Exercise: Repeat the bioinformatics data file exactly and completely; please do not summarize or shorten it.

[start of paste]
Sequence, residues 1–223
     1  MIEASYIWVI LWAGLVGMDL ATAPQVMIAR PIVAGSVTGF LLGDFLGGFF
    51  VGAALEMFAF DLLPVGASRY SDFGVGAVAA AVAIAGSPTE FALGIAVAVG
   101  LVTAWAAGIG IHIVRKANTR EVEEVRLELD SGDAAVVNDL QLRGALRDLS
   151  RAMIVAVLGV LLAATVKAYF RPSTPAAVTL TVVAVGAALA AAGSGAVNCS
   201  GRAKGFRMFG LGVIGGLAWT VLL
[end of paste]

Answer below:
Sequence, residues 1–223
     1  MIEASYIWVI LWAGLVGMDL ATAPQVMIAR PIVAGSVTGF LLGDFLGGFF
    51  VGAALEMFAF DLLPVGASRY SDFGVGAVAA AVAIAGSPTE FALGIAVAVG
   101  LVTAWAAGIG IHIVRKANTR EVEEVRLELD SGDAAVVNDL QLRGALRDLS
   151  RAMIVAVLGV LLAATVKAYF RPSTPAAVTL TVVAVGAALA AAGSGAVNCS
   201  GRAKGFRMFG LGVIGGLAWT VLL